Nats Incompetent Offense Fuels Another Loss, Team Below .500

On a hot, muggy, sellout crowd night at Nationals Park, the Nats offense was once again incompetent behind strong Nats pitching. Gio Gonzalez struck out a career high 11 Dodgers on 98 pitches in six innings, but the bats were completely impotent with runners on base. With the loss, the Nats moved to a game below. 500 on a day when they could've made up ground on both the Braves and Phillies. Instead, they made what may have already been an insurmountable deficit even more difficult to overcome.

The Nats offense tried, and hard, to get on the board in the first few innings, but their inability to get anything going offensively showed in a big way. Through the first three innings, they stranded runners in scoring position in every inning, including a bases loaded opportunity in the first with just one out. They went 0-for-6 with RISP in the first three innings alone. Meanwhile, Gio Gonzalez pitched a gem, especially early. He struck out six through four innings and surrendered just two hits and two walks.

The Nats got another leadoff hit from Chad Tracy in the fourth, but Ramos, Gonzalez, and Span all hit into fielder's choices, so the Nats, once again, got nothing. And through four, they had 13 chances with runners on bases and failed to score a single one. But Gio was doing his part. Through the top of the fifth, Gio had nine strikeouts, including two against young stud Yasiel Puig. He just needed his offense to wake up for some run support.

The game got down to the pitcher's spot in the sixth, so Davey hit for Gio Gonzalez, ending his 11 strikeout, four hit, no run performance. Roger Bernadina came in and hit an RBI single to right field that scored Chad Tracy, giving the Nats a narrow 1-0 lead heading into the seventh.

Drew Storen came into the game for the Nats and showed his, and the bullpen's, inconsistency so far this year. He shut down the first two batters before giving up a double to pinch hitter Skip Schumaker and an RBI single to Mark Ellis to tie the game. The boos rained down from the stands to show displeasure for Storen's performance.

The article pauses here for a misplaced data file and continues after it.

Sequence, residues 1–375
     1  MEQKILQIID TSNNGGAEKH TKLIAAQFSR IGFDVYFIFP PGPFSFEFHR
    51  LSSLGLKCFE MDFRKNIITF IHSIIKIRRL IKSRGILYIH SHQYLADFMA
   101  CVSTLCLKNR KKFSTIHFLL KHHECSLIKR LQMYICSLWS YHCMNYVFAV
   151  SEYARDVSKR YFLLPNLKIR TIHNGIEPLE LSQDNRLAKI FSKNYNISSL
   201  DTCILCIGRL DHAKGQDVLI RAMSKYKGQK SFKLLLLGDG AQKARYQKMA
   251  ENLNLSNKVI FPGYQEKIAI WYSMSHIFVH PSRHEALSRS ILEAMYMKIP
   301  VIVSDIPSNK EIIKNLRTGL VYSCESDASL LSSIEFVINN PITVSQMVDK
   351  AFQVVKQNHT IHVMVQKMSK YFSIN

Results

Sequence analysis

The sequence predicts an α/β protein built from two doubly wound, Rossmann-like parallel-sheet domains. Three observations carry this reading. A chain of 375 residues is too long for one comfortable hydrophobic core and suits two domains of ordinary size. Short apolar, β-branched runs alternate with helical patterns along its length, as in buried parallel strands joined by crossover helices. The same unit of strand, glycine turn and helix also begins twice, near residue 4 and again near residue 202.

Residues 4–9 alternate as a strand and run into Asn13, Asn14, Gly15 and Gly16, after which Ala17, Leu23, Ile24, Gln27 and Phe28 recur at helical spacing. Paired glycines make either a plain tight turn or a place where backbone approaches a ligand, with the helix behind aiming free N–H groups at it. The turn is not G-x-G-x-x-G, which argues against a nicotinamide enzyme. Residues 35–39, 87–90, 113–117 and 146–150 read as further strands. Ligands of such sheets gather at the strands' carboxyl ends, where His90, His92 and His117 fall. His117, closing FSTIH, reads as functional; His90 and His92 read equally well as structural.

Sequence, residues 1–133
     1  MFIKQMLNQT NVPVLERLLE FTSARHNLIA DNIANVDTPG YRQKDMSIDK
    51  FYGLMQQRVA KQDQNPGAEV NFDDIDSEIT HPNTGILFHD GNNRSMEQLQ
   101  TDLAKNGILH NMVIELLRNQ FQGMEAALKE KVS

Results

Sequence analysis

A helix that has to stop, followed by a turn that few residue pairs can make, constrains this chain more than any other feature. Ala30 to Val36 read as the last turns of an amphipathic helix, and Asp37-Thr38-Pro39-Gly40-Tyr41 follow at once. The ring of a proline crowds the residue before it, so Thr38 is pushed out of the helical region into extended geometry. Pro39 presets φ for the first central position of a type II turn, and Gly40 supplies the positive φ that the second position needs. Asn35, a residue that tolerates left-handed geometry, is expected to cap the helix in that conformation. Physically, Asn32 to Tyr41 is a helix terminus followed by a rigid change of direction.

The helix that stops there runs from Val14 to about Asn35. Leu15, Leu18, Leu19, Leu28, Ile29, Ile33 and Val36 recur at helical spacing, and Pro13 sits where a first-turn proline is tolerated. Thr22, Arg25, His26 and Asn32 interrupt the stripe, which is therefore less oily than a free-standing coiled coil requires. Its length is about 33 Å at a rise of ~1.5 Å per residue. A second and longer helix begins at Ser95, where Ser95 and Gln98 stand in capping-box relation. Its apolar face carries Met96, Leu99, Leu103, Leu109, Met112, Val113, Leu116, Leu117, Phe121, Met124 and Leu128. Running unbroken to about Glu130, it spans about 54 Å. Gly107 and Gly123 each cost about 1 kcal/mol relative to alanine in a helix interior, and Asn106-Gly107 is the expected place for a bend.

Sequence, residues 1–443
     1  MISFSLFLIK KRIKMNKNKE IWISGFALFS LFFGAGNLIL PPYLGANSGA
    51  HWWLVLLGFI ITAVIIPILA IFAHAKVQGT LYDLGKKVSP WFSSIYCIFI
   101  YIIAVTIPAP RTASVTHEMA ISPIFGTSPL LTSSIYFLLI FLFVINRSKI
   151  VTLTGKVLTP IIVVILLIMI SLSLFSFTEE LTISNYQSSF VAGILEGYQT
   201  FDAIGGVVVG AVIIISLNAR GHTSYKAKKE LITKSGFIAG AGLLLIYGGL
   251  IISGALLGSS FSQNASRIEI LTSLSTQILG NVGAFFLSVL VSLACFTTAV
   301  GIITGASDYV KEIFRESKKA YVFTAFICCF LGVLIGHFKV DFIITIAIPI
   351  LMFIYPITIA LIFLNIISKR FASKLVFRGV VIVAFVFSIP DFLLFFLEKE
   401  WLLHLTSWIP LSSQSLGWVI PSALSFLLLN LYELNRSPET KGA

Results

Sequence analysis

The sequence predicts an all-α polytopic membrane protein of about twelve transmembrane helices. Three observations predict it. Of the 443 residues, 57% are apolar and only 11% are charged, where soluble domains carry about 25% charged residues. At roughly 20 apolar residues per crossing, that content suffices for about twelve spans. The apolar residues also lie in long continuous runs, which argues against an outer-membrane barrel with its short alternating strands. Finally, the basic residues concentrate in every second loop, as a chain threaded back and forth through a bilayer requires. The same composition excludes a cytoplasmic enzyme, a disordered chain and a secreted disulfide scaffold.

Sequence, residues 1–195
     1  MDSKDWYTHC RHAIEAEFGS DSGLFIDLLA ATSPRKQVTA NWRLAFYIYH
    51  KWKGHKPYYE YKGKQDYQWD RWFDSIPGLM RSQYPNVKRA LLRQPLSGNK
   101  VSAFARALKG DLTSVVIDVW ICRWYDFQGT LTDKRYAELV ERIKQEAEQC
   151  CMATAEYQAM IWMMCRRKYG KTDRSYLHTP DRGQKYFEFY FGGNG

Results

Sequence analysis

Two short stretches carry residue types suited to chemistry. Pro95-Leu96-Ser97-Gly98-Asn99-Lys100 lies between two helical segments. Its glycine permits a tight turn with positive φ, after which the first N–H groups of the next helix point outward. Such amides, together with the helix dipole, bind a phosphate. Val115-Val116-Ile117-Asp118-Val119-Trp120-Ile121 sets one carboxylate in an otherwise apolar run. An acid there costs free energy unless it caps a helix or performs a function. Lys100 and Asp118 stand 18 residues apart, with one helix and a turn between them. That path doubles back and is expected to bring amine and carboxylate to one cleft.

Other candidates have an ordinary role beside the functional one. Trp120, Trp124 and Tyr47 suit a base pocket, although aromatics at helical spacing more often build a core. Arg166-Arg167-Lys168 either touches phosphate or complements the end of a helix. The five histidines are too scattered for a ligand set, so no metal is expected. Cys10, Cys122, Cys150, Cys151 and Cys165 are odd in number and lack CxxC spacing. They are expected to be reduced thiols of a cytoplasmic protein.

Once again in the seventh inning, the Nats got runners on base and tried to threaten. They had two runners on with just one out for Bryce Harper, who struck out before Jayson Werth grounded into a fielder's choice to shortstop to end yet another scoring opportunity.

Tyler Clippard continued to have success in the eighth inning as he was able to shut down the Dodgers despite a Ryan Zimmerman error on what should have been the third out of the inning. Ian Desmond helped the Nats answer in the bottom half of the inning on a single to right, which was immediately followed by a stolen base. Tracy moved him to third on a grounder to the second baseman with just one out. Ramos walked on five pitches, which set up a pitch hitting opportunity for Scott Hairston. Hairston struck out, Span flew out, and the Nats stranded another couple base runners.

Rafael Soriano made things tough for himself in the ninth, and then Anthony Rendon, Ryan Zimmerman, and Bryce Harper were retired in order in the ninth to force extra innings. Craig Stammen entered the game for the 10th, and Adrian Gonzalez and Hanely Ramirez put together back-to-back doubles to give the Dodgers a 2-1 lead before an out was recorded. Andre Either drove Hanley in from third on a sacrifice fly, giving the Dodgers the 3-1 lead.

By the bottom of the 10th, well more than half of the 41,816 fan crowd had left the park. They missed Jayson Werth and Ian Desmond being called out looking at strike three, followed by a Werth ejection for yelling from the dugout, and a Chad Tracy groundout to first base to end the game.

I'm simply not convinced there is a solution to resolve the Nats struggles this season.

Joe Drugan

About Joe Drugan

Joe is the Managing Editor of The Nats Blog and host of the Nats Talk On The Go podcast. He's been blogging about the Nationals since 2010 and with The Nats Blog since 2011.